Am I Changing?

Now that pitchers and catchers have begun reporting to Spring Training I was really hoping that the focus could get back between the foul lines. It has been a long off season filled with headlines surrounding the pharmaceutical side of baseball. Beginning with the Mitchell Report and continuing through the Brian McNamee / Roger Clemens war and now culminating with yet another round of Congressional hearings this has been a very dark time for baseball. And while Bud Selig and Donald Fehr proclaim that baseball is taking working measures to clean up the game; every day brings about more accusations and innuendo. Now it seems like no matter where you go, if you are identified as a baseball fan you are immediately questioned of how you feel about the usage of steroids and what it has done to the game.

At first I thought this was an easy question to answer but lately I have begun to wonder whether my thought process has wavered. Initially when the story of steroid and performance enhancing substances begin to proliferate in the media I was outraged. Those who had taken these substances were cheating the game and any accomplishments they made should be stricken from the record books. There was just no room in baseball for someone who disregards the rules of baseball.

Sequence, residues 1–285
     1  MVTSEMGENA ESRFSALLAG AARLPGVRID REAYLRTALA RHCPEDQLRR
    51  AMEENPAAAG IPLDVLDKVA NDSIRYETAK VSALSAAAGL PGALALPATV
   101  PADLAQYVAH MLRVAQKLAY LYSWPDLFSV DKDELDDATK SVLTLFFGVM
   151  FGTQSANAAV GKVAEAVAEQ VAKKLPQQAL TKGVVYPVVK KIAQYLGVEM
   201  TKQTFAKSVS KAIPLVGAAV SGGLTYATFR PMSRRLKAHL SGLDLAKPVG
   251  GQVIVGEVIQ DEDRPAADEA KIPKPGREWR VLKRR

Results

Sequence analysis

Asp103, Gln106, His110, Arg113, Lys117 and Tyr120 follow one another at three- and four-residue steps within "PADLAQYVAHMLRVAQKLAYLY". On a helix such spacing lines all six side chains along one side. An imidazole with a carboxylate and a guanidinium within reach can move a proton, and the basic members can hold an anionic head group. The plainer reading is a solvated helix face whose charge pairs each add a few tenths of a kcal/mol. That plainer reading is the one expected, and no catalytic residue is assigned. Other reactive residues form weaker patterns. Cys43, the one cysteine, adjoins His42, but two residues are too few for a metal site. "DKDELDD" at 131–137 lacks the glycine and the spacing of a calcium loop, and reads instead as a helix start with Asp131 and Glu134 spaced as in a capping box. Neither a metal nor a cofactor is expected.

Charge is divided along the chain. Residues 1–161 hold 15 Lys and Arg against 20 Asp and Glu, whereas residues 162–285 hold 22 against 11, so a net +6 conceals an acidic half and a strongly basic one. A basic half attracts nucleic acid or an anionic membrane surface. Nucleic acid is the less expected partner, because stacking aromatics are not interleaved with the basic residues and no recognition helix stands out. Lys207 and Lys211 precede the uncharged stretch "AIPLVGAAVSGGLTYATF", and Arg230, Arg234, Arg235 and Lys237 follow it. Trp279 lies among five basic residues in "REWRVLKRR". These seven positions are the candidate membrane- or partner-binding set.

As time has gone on I have begun to listen a little more closely when players have discussed their possible usage of enhancers. While there are undoubtedly those players who took these substances to gain an advantage; that is not the story usually recounted. For every storyline about how Barry Bonds purportedly took substances to gain an advantage in his chase of Hank Aaron there are ten times the number of stories such as Andy Pettitte’s tale of taking Human Growth Hormone for recovery. I am beginning to understand that these players were not necessarily trying to enhance their God-given abilities as much as they were trying to stave off or recover from injury to return to the field. These are men who are paid a substantial amount of money to be on the field and try to win games for their team. They are not trying to throw or hit beyond their capabilities as much as they are trying to get back to the level they were playing at before they were hurt. I began to wonder, how different is that really from us in our jobs? If you are being paid well for the work you do, you want to show your management that the money they are paying you is worth every penny. I think human nature leads each of us to try and do the very best job we can possibly do. If you have a deadline due at work and you find yourself unable to perform your job duties because you are sick, how many of us would not think twice about getting a prescribed medication to restore our health. The difference of course is that most of us do not resort to using a substance banned at our workplace. Even so, you could probably make an argument that when you take a prescribed medication you really are taking a health enhancer. Whether it be overcoming a cold, aches and pains or some other malady our goal is to return to work as quickly as possible to pull our weight and make the organization successful. Now here we have athletes many of whom have broken down over the course of 162 game season that are doing something similar, they are trying to restore themselves to health to assist the team in meeting their goals of reaching the post season. At work we would be acknowledged by our peers or our managers while baseball players are instead shunned and ostracized. It seems contradictory to common sense. Maybe instead of trying to find better drug tests to catch these dedicated employees baseball should instead find a way of reducing the stress, wear and tear that these players endure over 162-game season. One approach could be to reduce the number of games played in a season. As a baseball fan I would be hard pressed to recommend that, I already struggle with the off-season as it is without making it longer. Another approach could be to increase the roster size. By providing players with additional days off through the use of more players they could be spared some of the wear and tear they are currently experiencing. There are a lot of options and I would think that someone much smarter than myself could come up with an answer beyond the obvious “we’re going to test you more often” as the deterrent.

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